Erica Sandberg is a prominent personal finance authority and author of “Expecting Money: The Essential Financial Plan for New and Growing Families.” She writes “Opening Credits,” a weekly reader Q&A column about issues for people who are new to credit, for CreditCards.com.
Dear Opening Credits,
I am a soon-to-be-graduating college student. When I first arrived on campus three-and-a-half years ago, I got a student credit card with our credit union. Its balance has been paid in full every month since then. But now that I’m entering the real world, I am looking for two to three credit cards that offer varying rewards and other favorable terms, and want to cancel my student card once I get those. Assuming that I will continue to make payments in full each month, what is the best way to go about this without harming my credit score, or at least having the least negative impact due to new accounts and the closing of my old one? Thank you for your advice! — Alexander
I’m impressed! Not only do you possess a formal education, you’ve also got natural common sense. Since you’re in college, I’m assuming that you’re in your early 20s — and it would be great if more young (and not so young) adults could be similarly motivated.
You have already established a credit history with your student card, which puts you ahead of the game. Everything you’ve done with that account — from the highest balance you’ve ever held to the way you’ve made your monthly payments — has been listed on your consumer credit reports since the day you opened it. Because you’ve done well, that data will stay put, too. Unlike most negative information that will eventually be deleted, positive information can remain on a credit report indefinitely.
In general, it’s a smart idea to keep such perfectly managed accounts active. Length of credit history comprises 15 percent of your FICO credit score. Though it’s less critical than your payment pattern (35 percent) and how much outstanding debt you’re carrying (30 percent) compared to the amount you can borrow, it does push the numbers up. Additionally, a long relationship with a bank looks attractive to other lenders. For these reasons I suggest hanging on to it and using it occasionally, even after you get your new cards.
To know which accounts you’d be eligible for at this stage, pull your credit reports and scores to see where you stand. The reports are available for free once a year from each of the top three credit bureaus (Experian, Equifax and TransUnion) on AnnualCreditReport.com, and you can purchase the FICO scores from its website, myFICO.com, for about $20 each.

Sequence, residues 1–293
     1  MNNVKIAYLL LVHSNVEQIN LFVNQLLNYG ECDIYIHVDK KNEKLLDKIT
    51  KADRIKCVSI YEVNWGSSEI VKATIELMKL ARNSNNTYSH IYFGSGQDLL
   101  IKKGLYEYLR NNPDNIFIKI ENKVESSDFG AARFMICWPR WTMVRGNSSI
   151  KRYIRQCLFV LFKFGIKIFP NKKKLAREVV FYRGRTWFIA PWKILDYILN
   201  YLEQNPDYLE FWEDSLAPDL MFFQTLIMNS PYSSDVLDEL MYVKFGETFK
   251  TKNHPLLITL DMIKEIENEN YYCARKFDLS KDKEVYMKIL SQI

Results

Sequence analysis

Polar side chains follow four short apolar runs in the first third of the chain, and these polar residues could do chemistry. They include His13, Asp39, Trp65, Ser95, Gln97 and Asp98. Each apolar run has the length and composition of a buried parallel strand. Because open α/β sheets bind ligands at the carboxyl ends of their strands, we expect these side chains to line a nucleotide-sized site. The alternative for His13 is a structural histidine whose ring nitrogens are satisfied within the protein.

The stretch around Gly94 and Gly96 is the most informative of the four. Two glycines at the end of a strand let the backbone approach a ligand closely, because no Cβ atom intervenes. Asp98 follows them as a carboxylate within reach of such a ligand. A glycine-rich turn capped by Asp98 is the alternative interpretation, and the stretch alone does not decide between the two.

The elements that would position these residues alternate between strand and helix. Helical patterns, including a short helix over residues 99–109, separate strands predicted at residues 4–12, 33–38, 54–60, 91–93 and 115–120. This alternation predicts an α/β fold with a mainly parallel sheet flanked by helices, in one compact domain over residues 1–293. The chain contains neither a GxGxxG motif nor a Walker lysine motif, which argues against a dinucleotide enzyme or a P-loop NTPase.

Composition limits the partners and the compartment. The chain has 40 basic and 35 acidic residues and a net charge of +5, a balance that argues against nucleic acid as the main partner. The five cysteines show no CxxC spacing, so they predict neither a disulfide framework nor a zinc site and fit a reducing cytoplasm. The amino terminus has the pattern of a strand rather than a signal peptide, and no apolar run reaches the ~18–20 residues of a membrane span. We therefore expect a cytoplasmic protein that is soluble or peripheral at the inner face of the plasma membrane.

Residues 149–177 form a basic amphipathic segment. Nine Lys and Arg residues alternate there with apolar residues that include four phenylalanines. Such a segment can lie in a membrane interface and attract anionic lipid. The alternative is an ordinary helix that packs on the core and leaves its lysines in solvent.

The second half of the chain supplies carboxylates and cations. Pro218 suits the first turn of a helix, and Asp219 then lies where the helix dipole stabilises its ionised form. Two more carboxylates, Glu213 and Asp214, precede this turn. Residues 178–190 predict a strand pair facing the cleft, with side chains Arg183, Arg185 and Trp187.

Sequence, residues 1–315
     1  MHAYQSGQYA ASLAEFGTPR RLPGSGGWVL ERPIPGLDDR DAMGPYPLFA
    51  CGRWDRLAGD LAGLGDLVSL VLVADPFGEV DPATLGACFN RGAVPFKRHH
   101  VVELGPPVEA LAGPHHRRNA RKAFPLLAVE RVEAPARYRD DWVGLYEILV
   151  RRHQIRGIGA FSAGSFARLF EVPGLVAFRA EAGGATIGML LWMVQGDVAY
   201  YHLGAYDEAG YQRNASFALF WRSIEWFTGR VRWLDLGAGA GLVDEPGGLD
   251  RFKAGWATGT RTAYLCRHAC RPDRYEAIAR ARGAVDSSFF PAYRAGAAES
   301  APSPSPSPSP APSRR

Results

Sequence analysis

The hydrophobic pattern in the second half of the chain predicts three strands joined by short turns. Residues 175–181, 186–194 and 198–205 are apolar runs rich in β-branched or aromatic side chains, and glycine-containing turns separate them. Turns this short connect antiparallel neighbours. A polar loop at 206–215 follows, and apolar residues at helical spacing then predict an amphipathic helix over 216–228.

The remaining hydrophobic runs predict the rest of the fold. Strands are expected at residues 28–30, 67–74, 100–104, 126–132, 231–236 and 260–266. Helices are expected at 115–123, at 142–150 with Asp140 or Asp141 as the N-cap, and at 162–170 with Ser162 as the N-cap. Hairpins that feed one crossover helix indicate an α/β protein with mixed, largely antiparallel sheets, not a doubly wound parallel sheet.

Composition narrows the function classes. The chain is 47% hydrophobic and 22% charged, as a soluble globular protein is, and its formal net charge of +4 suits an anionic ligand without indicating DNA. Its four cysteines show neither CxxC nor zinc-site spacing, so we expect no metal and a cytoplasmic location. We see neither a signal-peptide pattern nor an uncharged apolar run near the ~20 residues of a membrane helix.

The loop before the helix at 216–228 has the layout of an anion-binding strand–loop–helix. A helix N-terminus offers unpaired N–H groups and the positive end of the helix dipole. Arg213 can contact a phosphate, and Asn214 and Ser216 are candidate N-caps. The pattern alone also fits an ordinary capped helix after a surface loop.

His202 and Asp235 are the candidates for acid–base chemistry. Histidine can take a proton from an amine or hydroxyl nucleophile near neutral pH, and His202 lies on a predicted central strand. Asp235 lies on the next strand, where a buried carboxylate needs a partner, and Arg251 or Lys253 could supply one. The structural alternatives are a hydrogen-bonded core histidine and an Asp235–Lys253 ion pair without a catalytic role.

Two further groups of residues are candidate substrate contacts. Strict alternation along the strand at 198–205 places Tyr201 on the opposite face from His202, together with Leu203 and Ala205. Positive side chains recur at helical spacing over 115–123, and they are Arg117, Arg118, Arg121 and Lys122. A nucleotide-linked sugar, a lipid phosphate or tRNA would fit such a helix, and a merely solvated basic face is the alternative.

Read your reports carefully to make sure everything is correct. If they’re not and you spot something such as a balance that’s too high or an account that’s not yours, your scores might be lower than what they ought to be. Correct errors via the dispute process on one of the bureau’s websites as each is obligated to report the dispute to the other two.
All clear? Check out the credit cards that are offered to people with FICO scores in your range. The very best products will be available to consumers with score numbers in the 750 and higher range. Be aware, however, that even if your scores are considered excellent, your income will also be assessed. If yours is nonexistent or low, it will be hard for a lender to have confidence that you can repay what you may charge. So if you’re aiming for the most premium of plastic, work on securing a well-paying job before applying.
Once you do get your dream cards (such as an airline rewards card with a big promotional bonus for signing up), charge as smartly with them as you have with your student card. Then, if you really want to cancel your starter card, you can. Closing it will reduce your score, but with the positive activity you’ve started with the newer accounts, it shouldn’t go too low and those digits will rebound quickly.
On a final note, each time you apply for a card, the issuing bank will check your credit, which is called a “hard pull,” and may temporarily ding your score each time you apply for a card. To avoid multiple dings, only apply for those cards that you are fairly confident you will be accepted for. And if you are rejected, wait several months before applying for a new card — allowing your credit score time to recover between applications.
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